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I love single-player games. Don’t get me wrong, I like all sorts of multiplayer games as well, and I enjoy cooperation and competition as much as anyone, but what really excites me about the medium of games is the possibility to craft a whole freestanding experience, a place to be explored, full of mystery and art, character and sound. I love the idea of building worlds, places that can be lived in and moved around in, like a dream given form and shared with the world.

However, I end up thinking a lot about what the assumptions are that we commonly make in this solitary format. I think about the tiny slice these games are of what they might be, and what these preconceptions of what a game experience must be end up conveying. We assume games have to be challenging – while this is an assumption that has had some pushback over the last decade or so, it is still predominant, and games which buck this trend are still frequently considered ‘not real games’. Every game must have a challenge. Every challenge must solve a problem. Every problem must therefore be solvable within the mechanical constraints of the game. Because of these assumptions, game worlds are primarily engaged with as a list of problems for the player to solve. Most problems outside of games are not particularly solvable – and almost all of them are unsolvable through the actions of a single individual. However, to create a satisfying story, to make the player the main character, we strive to construct problems just so, that the right person in the right place can do the right thing and unravel the whole knot.

At its worst, and with distressing frequency, this creates worlds where every problem can be solved by a bullet to the brain, or many bullets to many brains. This fixation on violent solutions is one that I and many others have discussed a great deal, but even moving past this particular weird aspect of video games we find another assumption: The player must be able to solve every problem they are faced with. This makes a certain degree of Chekhov’s Gun-style sense. Players will get confused between unsolvable problems and intentional challenges if they’re presented within the same context, so to conserve effort and add clarity we make all problems encountered something for the player to deal with – quests, if you will. In this way, we shrink our conception of what problems are and how they are solved. There are many problems in this world, and few of them are entirely intractable, but almost every problem becomes unsolvable when seen from a viewpoint which can only conceive of individualist action.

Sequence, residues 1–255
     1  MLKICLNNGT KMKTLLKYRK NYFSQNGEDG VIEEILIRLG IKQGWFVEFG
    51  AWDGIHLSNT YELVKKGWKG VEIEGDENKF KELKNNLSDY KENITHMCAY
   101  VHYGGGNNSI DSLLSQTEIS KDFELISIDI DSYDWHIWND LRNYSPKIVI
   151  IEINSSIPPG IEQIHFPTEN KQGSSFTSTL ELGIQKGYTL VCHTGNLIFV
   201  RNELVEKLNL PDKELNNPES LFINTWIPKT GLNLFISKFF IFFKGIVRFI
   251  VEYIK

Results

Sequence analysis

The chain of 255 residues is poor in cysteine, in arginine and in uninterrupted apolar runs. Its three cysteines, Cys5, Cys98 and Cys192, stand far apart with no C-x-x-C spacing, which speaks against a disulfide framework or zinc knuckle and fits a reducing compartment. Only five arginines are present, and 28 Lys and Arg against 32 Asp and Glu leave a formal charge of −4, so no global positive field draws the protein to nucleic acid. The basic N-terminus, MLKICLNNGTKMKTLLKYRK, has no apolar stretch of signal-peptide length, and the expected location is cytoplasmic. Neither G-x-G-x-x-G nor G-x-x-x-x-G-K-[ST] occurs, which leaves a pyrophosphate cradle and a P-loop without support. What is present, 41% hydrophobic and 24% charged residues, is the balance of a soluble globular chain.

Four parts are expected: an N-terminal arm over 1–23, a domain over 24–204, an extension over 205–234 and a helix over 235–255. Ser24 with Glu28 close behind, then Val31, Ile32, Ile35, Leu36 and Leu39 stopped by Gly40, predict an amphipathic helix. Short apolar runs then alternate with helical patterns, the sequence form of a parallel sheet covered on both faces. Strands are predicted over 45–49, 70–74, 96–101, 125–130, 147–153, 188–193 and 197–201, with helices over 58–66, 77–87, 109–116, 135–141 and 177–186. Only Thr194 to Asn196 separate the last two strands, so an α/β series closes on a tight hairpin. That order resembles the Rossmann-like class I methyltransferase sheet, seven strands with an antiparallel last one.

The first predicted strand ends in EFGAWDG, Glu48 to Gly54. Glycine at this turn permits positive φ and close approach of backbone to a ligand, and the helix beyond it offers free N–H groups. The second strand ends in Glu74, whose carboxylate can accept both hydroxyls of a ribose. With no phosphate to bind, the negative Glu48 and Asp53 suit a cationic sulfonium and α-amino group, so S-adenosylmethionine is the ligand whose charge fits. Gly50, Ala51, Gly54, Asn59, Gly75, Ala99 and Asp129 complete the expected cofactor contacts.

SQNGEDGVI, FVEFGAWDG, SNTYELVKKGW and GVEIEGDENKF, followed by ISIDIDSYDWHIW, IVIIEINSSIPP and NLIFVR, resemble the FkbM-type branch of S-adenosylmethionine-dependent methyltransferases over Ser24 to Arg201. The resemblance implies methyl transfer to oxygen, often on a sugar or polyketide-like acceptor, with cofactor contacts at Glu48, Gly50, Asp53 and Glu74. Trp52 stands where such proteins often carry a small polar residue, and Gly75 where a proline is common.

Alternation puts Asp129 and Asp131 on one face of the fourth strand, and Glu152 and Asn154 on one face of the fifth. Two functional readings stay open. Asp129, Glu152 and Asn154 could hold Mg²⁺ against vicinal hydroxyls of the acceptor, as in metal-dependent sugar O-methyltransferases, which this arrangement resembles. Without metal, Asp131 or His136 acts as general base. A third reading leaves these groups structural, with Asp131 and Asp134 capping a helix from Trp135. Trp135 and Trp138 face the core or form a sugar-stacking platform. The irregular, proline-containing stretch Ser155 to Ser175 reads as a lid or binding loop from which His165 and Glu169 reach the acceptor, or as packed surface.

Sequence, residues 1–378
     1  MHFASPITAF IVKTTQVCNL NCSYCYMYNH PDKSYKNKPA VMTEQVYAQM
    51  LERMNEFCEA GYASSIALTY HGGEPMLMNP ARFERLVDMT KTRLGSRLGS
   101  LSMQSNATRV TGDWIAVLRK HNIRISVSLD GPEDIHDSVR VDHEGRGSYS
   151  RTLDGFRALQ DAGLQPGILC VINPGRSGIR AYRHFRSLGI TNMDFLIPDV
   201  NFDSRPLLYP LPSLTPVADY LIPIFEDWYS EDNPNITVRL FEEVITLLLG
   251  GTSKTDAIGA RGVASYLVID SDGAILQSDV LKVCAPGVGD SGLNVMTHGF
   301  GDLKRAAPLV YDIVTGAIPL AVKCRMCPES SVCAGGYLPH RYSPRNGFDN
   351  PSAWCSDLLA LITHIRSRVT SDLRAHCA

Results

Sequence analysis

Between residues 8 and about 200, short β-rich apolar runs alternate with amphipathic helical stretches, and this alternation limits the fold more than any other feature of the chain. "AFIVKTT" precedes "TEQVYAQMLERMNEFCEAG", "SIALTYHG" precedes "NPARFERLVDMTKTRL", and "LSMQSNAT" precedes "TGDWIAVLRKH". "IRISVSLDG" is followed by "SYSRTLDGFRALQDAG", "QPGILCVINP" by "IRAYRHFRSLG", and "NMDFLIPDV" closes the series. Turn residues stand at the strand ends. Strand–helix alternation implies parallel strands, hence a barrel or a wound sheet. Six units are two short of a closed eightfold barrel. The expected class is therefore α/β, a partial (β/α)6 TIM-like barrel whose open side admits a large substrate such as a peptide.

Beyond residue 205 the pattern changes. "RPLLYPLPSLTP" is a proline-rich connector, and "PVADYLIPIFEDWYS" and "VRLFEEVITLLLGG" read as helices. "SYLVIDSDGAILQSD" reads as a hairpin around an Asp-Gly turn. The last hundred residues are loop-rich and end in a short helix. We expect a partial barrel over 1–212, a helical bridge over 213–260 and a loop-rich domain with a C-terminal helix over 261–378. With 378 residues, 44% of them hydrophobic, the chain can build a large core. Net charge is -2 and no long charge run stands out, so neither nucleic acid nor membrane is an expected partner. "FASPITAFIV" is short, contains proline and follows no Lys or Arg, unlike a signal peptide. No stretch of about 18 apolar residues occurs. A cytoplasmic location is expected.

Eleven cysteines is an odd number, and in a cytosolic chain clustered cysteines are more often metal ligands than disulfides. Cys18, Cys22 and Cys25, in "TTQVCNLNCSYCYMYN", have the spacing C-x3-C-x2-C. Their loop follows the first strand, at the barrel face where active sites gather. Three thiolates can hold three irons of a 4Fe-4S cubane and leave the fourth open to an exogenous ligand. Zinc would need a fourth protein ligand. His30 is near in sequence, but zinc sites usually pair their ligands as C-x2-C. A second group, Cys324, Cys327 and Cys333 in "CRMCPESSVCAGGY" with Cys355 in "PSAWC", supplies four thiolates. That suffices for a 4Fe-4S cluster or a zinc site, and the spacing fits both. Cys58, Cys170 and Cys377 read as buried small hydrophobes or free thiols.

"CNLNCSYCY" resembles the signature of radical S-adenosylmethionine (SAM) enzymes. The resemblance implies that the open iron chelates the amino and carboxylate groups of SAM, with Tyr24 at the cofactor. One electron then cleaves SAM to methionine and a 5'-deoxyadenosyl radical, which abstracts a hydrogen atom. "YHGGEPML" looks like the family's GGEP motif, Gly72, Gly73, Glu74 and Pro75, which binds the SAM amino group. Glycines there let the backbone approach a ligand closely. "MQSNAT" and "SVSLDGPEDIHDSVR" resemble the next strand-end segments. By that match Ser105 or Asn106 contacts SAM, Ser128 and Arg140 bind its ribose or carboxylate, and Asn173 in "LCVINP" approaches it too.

If you come to internalize this system of atomizing logic, you begin to see a world where the only actions you can take are those which are small and quantifiable – by a weird coincidence, these usually line up fairly well with those tasks which businesses enjoy having people available to do, especially when those people are disinclined from asking larger structural questions. Eventually, these seemingly intractable problems cease to be seen as problems at all, and come to be seen as rules, as simply ‘how the world works’.

What am I actually arguing here? This could be seen as an argument against creating any experiences meant for individual players, but I actually feel that the real issue is in this conflation of mechanical challenges and game-world problems. Some problems cannot be solved by us, or cannot be solved completely by an individual, but are still issues which we need to figure out a way to engage with and push against. To pretend that a fictional world can ever wholly represent the reality of war or revolution is as foolish as to believe that it can wholly represent the reality of love or creation – and, of course, few developers would claim to be building a perfectly realistic model of real-world problems. However, the act of boiling such an issue down into something simple enough that one actor can control its outcome presents an idea of what a problem is and how it can be solved that is insidiously misleading. We know it isn’t reality, but it comes to shape the way we see reality, and see our own role in it – and when we become accustomed to this lens, and are faced with problems too great to fix under our own power, it creates a sense of learned helplessness.

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The last week or so has been a bit odd as I’ve found myself, at the age of 36, finally getting into Minecraft for the first time. I suppose this is an appropriate time to get started – if we’re all going to be stuck inside all day, we may as well escape to a virtual outdoors (or, as the case may be, a gargantuan virtual mineshaft).